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New research into what offends and what not in text messages

Text Message Research

By James Parker

Are you a frequent texter? (or SMS-er in South African) The way you SMS(text) might actually be offensive to some without you knowing about it. New research uncover some of these aspects.

Texter 1: Do you still want to get dinner tonight
Texter 2: Sure.
Texter 1: Wait are you actually sure? No worries if you’re busy
Texter 2: Yes.
Texter 1: …is there something you’re not telling me??

If you, too, have experienced the paranoia demonstrated by Texter 1, here’s some validation: Research shows that texts that end with a period really do come off as insincere.

In a study that will be published Feb. 2016 in Computers in Human Behavior, a team of psychologists from Binghamton University in the USA showed undergraduate students a series of text exchanges and handwritten notes, and asked them to rate the sincerity of each sender. The messages either contained or left out periods at the ends of sentences.

Participants were significantly more likely to find the senders of period-punctuated texts less genuine than the senders of unpunctuated texts. But when the notes were handwritten, period use didn’t seem to change sincerity ratings.

Short written missives like texts lack contextual clues, such as the real-life facial expressions and speaking volume that usually tell us what a person means beneath what they say. The results of this study suggest that as we shift more toward speedy online exchanges, we may be inventing new ways to convey tone, which include the creative use and interpretation of punctuation.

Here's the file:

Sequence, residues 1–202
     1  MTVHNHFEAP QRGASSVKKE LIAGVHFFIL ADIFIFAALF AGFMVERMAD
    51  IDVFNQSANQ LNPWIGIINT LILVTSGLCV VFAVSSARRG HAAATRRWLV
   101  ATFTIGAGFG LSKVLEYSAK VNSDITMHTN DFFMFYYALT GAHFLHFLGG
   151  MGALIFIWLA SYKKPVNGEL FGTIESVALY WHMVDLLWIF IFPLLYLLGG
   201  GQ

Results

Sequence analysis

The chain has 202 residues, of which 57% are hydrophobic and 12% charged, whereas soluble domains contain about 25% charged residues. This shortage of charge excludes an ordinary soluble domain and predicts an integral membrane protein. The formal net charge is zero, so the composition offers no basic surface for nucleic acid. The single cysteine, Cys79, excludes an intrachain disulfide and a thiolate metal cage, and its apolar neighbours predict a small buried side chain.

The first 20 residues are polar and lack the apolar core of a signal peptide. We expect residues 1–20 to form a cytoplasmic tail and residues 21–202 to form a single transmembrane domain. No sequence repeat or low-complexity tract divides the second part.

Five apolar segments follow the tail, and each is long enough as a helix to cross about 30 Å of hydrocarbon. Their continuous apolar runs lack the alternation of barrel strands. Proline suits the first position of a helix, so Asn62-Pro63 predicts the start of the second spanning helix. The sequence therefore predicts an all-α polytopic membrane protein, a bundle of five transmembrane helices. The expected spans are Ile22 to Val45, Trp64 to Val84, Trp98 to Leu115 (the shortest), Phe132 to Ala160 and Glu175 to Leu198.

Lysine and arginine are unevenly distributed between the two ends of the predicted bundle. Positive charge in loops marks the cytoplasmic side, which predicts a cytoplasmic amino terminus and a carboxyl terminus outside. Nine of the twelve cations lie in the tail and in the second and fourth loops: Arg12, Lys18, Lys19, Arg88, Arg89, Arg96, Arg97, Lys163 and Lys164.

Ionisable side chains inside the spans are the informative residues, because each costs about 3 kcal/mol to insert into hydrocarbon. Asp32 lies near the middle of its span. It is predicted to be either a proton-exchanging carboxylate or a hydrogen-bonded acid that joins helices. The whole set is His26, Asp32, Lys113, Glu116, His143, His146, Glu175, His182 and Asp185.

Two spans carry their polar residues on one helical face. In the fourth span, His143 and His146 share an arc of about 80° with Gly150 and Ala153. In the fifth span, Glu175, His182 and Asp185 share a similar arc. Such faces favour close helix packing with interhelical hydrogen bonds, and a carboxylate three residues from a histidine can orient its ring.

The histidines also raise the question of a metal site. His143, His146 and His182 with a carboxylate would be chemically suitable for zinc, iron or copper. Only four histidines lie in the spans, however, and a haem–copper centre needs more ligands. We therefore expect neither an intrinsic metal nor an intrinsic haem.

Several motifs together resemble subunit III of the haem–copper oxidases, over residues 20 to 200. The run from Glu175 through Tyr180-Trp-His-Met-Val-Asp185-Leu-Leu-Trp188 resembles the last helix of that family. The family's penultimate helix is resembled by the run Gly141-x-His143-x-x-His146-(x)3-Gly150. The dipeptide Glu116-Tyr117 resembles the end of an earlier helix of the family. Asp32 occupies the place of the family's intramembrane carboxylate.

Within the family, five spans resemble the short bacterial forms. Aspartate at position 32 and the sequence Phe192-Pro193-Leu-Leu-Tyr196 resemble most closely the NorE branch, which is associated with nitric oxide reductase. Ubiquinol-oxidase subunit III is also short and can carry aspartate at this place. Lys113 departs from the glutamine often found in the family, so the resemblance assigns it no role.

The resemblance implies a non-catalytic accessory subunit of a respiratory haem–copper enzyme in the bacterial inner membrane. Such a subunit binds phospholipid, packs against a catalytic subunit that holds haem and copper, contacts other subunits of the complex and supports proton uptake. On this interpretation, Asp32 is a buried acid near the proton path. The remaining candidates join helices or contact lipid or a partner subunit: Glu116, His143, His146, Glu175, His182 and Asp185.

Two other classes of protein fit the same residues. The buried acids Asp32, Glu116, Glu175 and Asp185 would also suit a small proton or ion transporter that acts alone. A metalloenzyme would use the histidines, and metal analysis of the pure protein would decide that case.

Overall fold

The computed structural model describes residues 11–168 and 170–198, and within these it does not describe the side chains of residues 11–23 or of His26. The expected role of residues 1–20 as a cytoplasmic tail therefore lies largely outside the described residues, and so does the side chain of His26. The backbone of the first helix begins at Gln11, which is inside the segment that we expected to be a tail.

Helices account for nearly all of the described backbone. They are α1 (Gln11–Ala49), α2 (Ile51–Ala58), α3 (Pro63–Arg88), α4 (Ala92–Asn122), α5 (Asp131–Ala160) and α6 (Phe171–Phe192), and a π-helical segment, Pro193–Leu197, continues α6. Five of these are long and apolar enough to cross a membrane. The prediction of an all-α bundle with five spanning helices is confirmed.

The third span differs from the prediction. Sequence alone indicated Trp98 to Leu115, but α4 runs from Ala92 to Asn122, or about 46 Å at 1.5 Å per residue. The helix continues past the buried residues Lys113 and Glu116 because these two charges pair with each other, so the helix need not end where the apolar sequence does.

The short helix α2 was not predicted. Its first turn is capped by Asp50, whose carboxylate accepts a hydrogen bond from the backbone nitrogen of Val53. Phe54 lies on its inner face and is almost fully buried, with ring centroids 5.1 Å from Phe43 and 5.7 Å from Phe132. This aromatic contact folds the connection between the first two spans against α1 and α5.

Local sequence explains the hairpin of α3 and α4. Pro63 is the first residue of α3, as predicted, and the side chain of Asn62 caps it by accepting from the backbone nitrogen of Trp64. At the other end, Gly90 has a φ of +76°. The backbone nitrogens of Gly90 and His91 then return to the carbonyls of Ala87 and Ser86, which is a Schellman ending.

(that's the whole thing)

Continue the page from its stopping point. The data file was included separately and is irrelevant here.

Corresponding author of the study, Celia Klin, says:
“Given that people are so adept at communicating complex and nuanced information in conversations, it’s not surprising that as texting evolves, people are finding ways to convey the same types of information in their texts.”

In a follow-up study, the group found that exclamation points in texts make senders seem more sincere.

It’s important to note that the sample size of 126 was small, US-centric, and contained an overwhelming majority of young female participants. But the study does offer support for the idea that we’re developing new rules in written language to communicate subtleties like passive-aggression.

As with spoken language, expectations are everything; no one judges their parents for sending emails that read like telegrams. Future studies in this area could expand the sample size to be more evenly split by gender, and to include non-native English speakers or people from older generations, to shed light on whether impressions of sincerity change when we know we’re texting people from another demographic.

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